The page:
One Month with a Google Chromebook & Chromebox: Why I’m not going back

For the last 2 years, Google has been peddling Google Chrome OS and its answer to budget computing. Google Chromebooks represent the vast majority of laptops under $300.

If you’ve not tried one before, a Google Chromebook runs only a browser. The idea is that you can complete most tasks online, and therefore it’s best to have a computer that focuses on just one thing- the internet.

Google’s Chrome OS promises to be always up-to-date, never have viruses, never slow down, never crash, and have a startup time of just a few seconds. We’ll find out. The device I’ll be using is a 2013 Samsung Chromebox.

Why I’m doing this

Up until now, I’ve been using a 2009 Apple Macbook Pro. It was great at first, but as is the way of computers, it has steadily declined, to the point where startup takes several minutes, it’s slow, and requires an almost daily reboot.

I also run a company and manage a team of people (including, and anyone who’s ever managed several cheap computers running Windows will know what a drag this is.

I want a computer that always works, is always fast, never needs any maintenance, will never lose my data and will make me more productive. I’m a power user, and do everything from basic office tasks to image editing and computer programming.


Basic office tasks

Google Chrome OS doesn’t run Microsoft Office. Google recommends Google Drive, which is their web based office suite. For most tasks, including document editing and spreadsheets, it fairs very well. It supports Office document formats, but not perfectly. This can be an issue when sending things to other people; if they’re opening a spreadsheet you’ve made with Drive in Excel, the layout might not be what you expected.

Here are some other tools we use, again, all web based:

  • Google Mail
  • Pipeline Deals – CRM
  • Xero – accounting

I used all of these beforehand anyway, so this is nothing special.

The Google Chrome web store

The store contains what Google calls ‘Apps’ & ‘Extensions’. The apps cover a multitude of things, from task management to games, and there are thousands. Some are free, some require their own subscriptions. There are apps for most purposes in the store.

Challenge 1 – Image Editing

Pixlr is a fully featured image editor, available in the browser. It resembles a stripped down version of Gimp or Photoshop, and is fine for routine image editing tasks, such as resizing, changing formats, cropping and more. It’s very responsive and doesn’t suffer from the lag many web apps suffer from.

Success level? Perfect score- does what I need it to.


Challenge 2 – Web Programming

After some Googling, I found a great solution to this. The Chrome OS computer really isn’t geared for developers or power users, so I was surprised to learn how effectively I could do programming work with it. Using, I was able to edit code and push changes with no hassle. Better yet, they give you a VM you can use (with root terminal access – in the browser, so the possibilities are endless. Astonishingly, it’s free. It’s not quite as comfortable as using Sublime on my Mac, but it’s good enough.



Challenge 3 – Printing

You cannot install software of your own on the Chromebook, and that includes printer drivers. Google’s answer to this is Google Cloud Print. If your printer supports it, Chrome OS can happily use it.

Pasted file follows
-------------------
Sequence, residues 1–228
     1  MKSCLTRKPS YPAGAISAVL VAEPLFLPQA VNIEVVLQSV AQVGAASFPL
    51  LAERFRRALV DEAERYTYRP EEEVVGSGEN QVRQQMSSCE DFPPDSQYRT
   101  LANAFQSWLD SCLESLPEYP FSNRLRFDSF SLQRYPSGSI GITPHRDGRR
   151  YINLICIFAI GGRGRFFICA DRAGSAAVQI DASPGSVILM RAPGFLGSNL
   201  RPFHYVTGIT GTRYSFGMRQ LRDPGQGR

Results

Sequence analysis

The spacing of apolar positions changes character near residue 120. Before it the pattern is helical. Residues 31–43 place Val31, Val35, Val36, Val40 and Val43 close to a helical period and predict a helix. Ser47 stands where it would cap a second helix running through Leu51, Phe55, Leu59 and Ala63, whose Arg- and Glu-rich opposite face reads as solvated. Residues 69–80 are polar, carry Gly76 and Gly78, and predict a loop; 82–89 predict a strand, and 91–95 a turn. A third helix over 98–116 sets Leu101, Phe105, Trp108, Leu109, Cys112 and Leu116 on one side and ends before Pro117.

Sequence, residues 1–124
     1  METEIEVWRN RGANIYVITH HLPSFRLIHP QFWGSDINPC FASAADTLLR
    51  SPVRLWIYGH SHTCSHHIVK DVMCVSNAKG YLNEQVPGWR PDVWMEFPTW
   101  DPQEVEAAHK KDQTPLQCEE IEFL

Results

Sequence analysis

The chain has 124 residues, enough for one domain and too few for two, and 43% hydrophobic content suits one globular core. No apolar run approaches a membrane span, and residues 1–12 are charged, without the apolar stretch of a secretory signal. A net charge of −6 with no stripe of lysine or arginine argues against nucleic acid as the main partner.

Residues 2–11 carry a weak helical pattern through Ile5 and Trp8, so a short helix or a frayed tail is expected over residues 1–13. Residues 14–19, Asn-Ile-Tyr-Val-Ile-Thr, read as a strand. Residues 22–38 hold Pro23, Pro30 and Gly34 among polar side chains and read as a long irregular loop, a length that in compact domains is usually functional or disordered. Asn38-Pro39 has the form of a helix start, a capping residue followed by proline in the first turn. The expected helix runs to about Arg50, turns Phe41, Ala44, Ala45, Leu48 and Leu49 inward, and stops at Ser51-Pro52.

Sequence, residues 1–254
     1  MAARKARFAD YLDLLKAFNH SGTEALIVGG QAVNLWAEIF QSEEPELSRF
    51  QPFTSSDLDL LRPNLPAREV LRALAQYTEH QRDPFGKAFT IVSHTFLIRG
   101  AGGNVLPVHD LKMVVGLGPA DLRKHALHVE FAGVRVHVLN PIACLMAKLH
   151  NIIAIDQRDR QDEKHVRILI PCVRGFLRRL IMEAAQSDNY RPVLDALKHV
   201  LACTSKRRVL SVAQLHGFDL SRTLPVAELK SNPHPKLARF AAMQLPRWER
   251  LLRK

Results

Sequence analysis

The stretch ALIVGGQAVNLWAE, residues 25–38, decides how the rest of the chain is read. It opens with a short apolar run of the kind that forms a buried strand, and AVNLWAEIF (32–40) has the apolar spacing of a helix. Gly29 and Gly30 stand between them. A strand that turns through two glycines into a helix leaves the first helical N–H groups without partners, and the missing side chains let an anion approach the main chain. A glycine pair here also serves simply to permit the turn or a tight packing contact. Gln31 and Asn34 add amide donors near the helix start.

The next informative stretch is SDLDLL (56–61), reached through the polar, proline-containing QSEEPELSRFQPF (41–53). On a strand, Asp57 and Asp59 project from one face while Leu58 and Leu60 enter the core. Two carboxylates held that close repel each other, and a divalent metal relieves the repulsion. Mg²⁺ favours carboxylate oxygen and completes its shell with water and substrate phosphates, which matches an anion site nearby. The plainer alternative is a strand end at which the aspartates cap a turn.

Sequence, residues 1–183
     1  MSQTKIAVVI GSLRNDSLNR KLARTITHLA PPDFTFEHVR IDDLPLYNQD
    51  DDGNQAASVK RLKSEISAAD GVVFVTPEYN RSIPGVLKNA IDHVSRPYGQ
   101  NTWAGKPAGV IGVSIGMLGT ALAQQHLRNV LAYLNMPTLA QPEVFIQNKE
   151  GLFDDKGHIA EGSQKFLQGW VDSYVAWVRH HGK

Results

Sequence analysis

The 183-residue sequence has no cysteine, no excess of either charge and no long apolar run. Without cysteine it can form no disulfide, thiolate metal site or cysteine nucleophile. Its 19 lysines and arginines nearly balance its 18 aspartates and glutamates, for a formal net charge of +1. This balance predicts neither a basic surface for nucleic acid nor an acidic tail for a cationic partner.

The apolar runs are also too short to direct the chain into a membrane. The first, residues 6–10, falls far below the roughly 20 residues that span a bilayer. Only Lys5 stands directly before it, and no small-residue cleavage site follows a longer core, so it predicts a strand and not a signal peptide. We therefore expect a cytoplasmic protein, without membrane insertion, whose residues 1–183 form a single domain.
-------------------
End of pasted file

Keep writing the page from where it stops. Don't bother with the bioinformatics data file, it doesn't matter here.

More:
Unfortunately, we have an old HP LaserJet 4600DN- an expensive, commercial grade printer, which doesn’t support Cloud Print.

Google’s solution to this problem is to install the Cloud Print software onto a Windows or Mac computer that is already set up to use this printer, and then Google Chrome OS can see it & print. That proxy computer has to stay on the whole time you want to print.

I think this is a very poor solution from Google. If you have a printer that is Cloud Print compatible, then you should be fine. As for me, this is a Google Chromebox fail.



Challenge 4 – Scanning

It doesn’t support a scanner- period. You can use a standalone scanner than can email documents, but a normal scanner with a USB cable won’t work.

Challenge 5- Dual Screens

I love having screen real estate. This is somewhere the Samsung Chromebox excels. Having multiple Displayport, it was no trouble to connect 2×30 inch screens.

Challenge 6 – Skype

There is no Skype web app, which means there is no Skype. Microsoft has promised this will come (albeit through an integration with rather than as a standalone product). This is actually a bit frustrating. Google Hangouts are great, but when collaborating with remote workers, Skype is the standard.

Challenge 7 – Media & Music

I love my Netflix & Spotify subscriptions. Spotify’s webapp is actually much better than their clunky desktop app on Mac, with the same high quality audio. Netflix delivered full screen HD video without a flaw.


One month on

Am I going to keep the Chromebox as my main computer? Yes! Despite its shortcomings, it has made me significantly more productive. The lack of things to go wrong with it has kept me focussed on what I do with it. It’s much easier to do work with this than getting distracted with software updates, crashes and so on.

While it’s not perfect, it seems to be improving all the time, particularly as the ecosystem of apps grows.

For a team of people, I recommend this device because it requires no administration, which is a boon for managers.

For an individual, you can complete 90% of tasks without any problems. For the last 10%, I always have my trusty Macbook. Those 90% of tasks you’ll complete faster and with less grief. I am actually happier for using the Chromebox. Has it crashed? Admittedly, a couple of times. But as everything is saved in the cloud, I’ve never lost anything, and a reboot takes 10 seconds.

Will I keep it as my main machine? Definitely. Without a doubt this is the future of computing.